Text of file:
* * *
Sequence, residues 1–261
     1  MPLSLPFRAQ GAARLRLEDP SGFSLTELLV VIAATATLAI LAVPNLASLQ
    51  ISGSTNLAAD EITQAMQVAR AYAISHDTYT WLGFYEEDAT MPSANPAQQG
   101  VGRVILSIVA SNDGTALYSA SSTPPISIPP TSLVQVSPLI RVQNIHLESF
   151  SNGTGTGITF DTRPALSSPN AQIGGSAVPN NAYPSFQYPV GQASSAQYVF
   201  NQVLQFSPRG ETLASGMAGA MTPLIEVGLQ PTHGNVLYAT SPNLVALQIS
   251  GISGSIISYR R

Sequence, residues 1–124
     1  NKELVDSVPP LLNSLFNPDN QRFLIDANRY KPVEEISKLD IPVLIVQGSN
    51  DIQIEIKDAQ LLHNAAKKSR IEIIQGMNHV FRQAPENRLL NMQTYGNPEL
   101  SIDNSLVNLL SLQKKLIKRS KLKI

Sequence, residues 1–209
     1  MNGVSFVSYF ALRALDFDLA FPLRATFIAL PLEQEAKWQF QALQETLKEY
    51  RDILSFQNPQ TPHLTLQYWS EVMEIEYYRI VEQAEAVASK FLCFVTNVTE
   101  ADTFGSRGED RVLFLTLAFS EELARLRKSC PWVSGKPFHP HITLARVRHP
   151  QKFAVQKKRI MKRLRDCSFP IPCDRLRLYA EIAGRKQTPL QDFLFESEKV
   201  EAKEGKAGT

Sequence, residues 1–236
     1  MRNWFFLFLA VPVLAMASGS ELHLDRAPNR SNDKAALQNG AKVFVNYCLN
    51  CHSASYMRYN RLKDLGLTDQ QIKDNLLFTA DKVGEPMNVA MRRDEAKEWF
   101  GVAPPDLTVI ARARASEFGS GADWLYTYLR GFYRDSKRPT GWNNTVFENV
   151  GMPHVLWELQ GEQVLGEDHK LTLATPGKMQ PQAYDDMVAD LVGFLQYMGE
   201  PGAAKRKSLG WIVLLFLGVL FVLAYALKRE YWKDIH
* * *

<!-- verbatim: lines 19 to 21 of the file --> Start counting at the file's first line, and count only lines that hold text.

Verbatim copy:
     1  MRNWFFLFLA VPVLAMASGS ELHLDRAPNR SNDKAALQNG AKVFVNYCLN
    51  CHSASYMRYN RLKDLGLTDQ QIKDNLLFTA DKVGEPMNVA MRRDEAKEWF
   101  GVAPPDLTVI ARARASEFGS GADWLYTYLR GFYRDSKRPT GWNNTVFENV